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Audio Engineers: Are You Underestimating Your Work?

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As audio engineers, it’s easy to get bored, or even worn out, on the grind of making music. Day in and day out, sitting in front of Pro Tools and working on a computer. Our job sometimes feels like it gets reduced to input and output: take some audio files and create a better audio file.

On occasion, we’ll communicate with a producer or musician, and if we keep them happy, then that’s all that matters. But is that really all that matters? Is it okay to just clock in and clock out? We’ve all got bills to pay, but are you underestimating your work?

I assume anyone who got into audio engineering did so because they found an excitement and passion for music. For those of us wanting to work in music, we should hope the personal significance of music stays with us, as long as possible.

What we should never forget is how music impacts everyone’s lives.

To begin with, sound is the primary method of human interaction. How cool is that? The most widely used, efficient method of communication is through the creation and perception of acoustic vibrations.

But music goes even further than that. Think about all the different things music can do.

1. Music Creates Bonds

Music brings people together and creates connections.

Think about riding in a car with your friends and a favorite song comes on the radio. You turn up the stereo and say, “This is our jam.”

If you have a significant other, then it’s likely you have a song that’s your song. Conversely, if you’ve ever broken up with someone, then there’s probably a song that you can’t stand. It breaks your heart every time you hear it.


2. Music Helps Us Learn

Music helps us internalize things.

Think about this—when children learn the alphabet, they learn with a song. When I had to learn the names of the fifty states and the fifty capitals in school, my teacher used a song. What’s crazy is by teaching a song, the information is easier to learn.

By comparison, when learning a song, you have to learn not only the alphabet, but you also have to learn the melody and the rhythm of the song. Amazingly, by adding musical information, it’s all easier to internalize.

3. Music Connects the Heart and Mind

Music has been used by almost every religion in the history of civilization, even among groups cut off from the rest of humanity. Some might say music has a supernatural way of connecting your head to your heart.

4. Music Affects Emotions

Music impacts our emotions and changes our physiology.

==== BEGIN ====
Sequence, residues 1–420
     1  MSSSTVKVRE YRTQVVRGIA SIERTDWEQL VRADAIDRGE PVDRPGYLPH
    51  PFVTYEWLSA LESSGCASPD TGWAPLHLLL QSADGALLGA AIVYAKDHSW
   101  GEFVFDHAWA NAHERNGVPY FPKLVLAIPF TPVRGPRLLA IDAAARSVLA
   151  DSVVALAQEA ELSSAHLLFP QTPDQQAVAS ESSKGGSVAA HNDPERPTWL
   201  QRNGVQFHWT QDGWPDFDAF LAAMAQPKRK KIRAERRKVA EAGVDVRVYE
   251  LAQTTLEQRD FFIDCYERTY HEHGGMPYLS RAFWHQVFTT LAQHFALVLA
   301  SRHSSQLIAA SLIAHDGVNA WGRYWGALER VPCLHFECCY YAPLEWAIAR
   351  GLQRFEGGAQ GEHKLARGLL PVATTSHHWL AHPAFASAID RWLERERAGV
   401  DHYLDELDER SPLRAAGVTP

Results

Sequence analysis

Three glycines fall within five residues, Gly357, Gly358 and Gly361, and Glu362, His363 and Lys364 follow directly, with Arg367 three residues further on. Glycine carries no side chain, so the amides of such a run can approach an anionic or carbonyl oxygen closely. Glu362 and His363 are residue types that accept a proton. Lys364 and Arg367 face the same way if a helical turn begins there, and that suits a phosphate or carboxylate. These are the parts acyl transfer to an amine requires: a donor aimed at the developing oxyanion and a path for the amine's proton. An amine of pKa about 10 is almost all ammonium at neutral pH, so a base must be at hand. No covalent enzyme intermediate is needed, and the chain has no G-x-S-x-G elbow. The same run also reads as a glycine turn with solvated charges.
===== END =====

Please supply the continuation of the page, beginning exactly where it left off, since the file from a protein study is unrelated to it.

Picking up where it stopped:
Whether you would admit it or not, chances are music has moved you to tears. Simply put, music can make people start crying—I know, it’s crazy! Music can even change our heart rate and cause stress. It’s used to interrogate prisoners and get them to break down—and it can work.

5. Music Arouses

Music gets people “in the mood.” I don’t think I need to say anything more about that.

6. Music Excites

Many people use music to get pumped up when exercising to maximize their workout.

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Take away the music, and performance decreases. Many athletic competitions consider it cheating to listen to music because it is performance enhancing.

7. Music Enriches

Furthermore, music truly improves so many aspects of our lives.

Think about a party with music and a party without music. You’re probably picturing two completely different experiences. It’s amazing that when music is heard, people just start moving their bodies in rhythm. How fascinating is the human response to music?

Think about watching a movie without sound. A horror movie isn’t nearly as horrific without the sound track. Plenty of sitcoms use a recording of a “laugh track” because it makes people think things are funnier.

9. Music Create Memories

Music is essential to the most significant events in our lives. Whatever those events are for you, I would bet there was music.

When people grieve in their saddest moments, there’s music. When people celebrate in their happiest moments, there’s music.


As audio engineers, we have our hand in the music that impacts the lives of others. Some of us might work on a song played for the “first dance” at a wedding.

Some of us might work on a song played in an intimate moment at a funeral. Some of us might work on a song used to turn a good party into a great party. Some of us might work on a song used to psych someone up at the gym. Some of us might even work on music used to try to extract a terror plot from a prisoner.

Do you take this responsibility seriously? The power of music is already there; you just have to harness it. Your work can enrich the lives of everyone—don’t half-ass it!

Eric Tarr

Eric Tarr is a musician, audio engineer, and producer based in Nashville, TN. Currently, he is a Professor of Audio Engineering Technology at Belmont University.